• 为了节省空间，这时候输入和输出的数据类型的规模都是不一样的。输入数据是n个实数，输出数据是 n/2+1个复数。于是对于in-place的变换需要需要一点填充。
• 逆变换会因为破坏的输入数组而产生一点副作用。

fftw_plan fftw_plan_dft_r2c_1d(int n, double *in, fftw_complex *out,
unsigned flags);
fftw_plan fftw_plan_dft_c2r_1d(int n, fftw_complex *in, double *out,
unsigned flags);


r2c是实数到复数，c2r是复数到实数。与复数的傅立叶变换不同这里没有符号的问题。这里r2c就是FFTW_FORWARD而c2r就是FFTW_BACKWARD。(For single/long-double precision fftwf and fftwl, double should be replaced by float and long double, respectively.)

Here, n is the “logical” size of the DFT, not necessarily the physical size of the array. In particular, the real (double) array has n elements, while the complex (fftw_complex) array has n/2+1 elements (where the division is rounded down).

ps: Readers familiar with DFTs of real data will recall that the 0th (the “DC”) and n/2-th (the “Nyquist” frequency, when n is even) elements of the complex output are purely real. Some implementations therefore store the Nyquist element where the DC imaginary part would go, in order to make the input and output arrays the same size. Such packing, however, does not generalize well to multi-dimensional transforms, and the space savings are miniscule in any case; FFTW does not support it.

An alternative interface for one-dimensional r2c and c2r DFTs can be found in the ‘r2r’ interface (see The Halfcomplex-format DFT), with “halfcomplex”-format output that is the same size (and type) as the input array. That interface, although it is not very useful for multi-dimensional transforms, may sometimes yield better performance.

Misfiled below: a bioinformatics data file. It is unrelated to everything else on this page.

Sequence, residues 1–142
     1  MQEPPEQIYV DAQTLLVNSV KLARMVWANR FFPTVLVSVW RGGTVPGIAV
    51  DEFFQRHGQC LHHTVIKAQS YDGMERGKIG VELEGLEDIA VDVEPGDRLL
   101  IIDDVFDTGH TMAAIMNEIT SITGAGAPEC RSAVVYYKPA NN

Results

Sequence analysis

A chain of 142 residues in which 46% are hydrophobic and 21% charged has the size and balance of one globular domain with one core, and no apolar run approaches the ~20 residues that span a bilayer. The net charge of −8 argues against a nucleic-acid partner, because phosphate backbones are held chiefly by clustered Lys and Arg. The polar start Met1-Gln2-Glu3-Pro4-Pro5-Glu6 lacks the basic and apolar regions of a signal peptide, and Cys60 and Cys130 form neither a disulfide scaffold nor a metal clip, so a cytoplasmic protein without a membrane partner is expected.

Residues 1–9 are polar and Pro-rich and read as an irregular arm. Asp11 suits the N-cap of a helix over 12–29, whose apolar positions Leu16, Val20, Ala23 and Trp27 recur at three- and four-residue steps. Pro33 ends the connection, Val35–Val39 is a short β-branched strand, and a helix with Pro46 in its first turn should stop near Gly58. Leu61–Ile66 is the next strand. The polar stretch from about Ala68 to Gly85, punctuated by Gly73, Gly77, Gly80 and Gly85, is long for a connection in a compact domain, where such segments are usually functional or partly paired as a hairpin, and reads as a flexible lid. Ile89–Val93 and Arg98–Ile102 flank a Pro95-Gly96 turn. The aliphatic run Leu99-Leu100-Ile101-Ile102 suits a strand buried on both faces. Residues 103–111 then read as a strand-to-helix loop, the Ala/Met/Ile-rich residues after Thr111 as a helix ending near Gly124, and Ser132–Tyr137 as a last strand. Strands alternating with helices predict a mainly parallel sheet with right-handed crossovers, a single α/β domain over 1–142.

## 1.6.2.4. Multi-Dimensional DFTs of Real Data¶

Multi-dimensional DFTs of real data use the following planner routines:

fftw_plan fftw_plan_dft_r2c_2d(int n0, int n1,
double *in, fftw_complex *out,
unsigned flags);
fftw_plan fftw_plan_dft_r2c_3d(int n0, int n1, int n2,
double *in, fftw_complex *out,
unsigned flags);
fftw_plan fftw_plan_dft_r2c(int rank, const int *n,
double *in, fftw_complex *out,
unsigned flags);


as well as the corresponding c2r routines with the input/output types swapped. These routines work similarly to their complex analogues, except for the fact that here the complex output array is cut roughly in half and the real array requires padding for in-place transforms (as in 1d, above). 和一维情形类似。

As before, n is the logical size of the array, and the consequences of this on the the format of the complex arrays deserve careful attention. Suppose that the real data has dimensions n0 x n1 x n2 x ... x nd-1 (in row-major order). Then, after an r2c transform, the output is an n0 x n1 x n2 x ... x (nd-1/2 + 1) array of fftw_complex values in row-major order, corresponding to slightly over half of the output of the corresponding complex DFT. (The division is rounded down.) The ordering of the data is otherwise exactly the same as in the complex-DFT case.